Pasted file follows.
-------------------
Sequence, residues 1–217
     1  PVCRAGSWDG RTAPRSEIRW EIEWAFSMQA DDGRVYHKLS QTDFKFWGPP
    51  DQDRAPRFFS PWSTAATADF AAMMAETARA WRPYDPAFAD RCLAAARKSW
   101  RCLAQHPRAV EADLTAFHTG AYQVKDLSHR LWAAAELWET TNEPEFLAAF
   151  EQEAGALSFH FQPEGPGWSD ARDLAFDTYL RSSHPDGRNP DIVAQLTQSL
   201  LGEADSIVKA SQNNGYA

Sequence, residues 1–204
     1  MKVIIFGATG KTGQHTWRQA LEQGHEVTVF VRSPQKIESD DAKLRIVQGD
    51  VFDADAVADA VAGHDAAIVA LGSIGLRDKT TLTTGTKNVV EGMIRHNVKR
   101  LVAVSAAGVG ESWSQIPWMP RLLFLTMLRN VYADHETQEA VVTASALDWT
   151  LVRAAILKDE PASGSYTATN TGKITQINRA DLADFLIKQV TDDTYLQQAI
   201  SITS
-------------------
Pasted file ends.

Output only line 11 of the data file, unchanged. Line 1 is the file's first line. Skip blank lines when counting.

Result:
   151  LVRAAILKDE PASGSYTATN TGKITQINRA DLADFLIKQV TDDTYLQQAI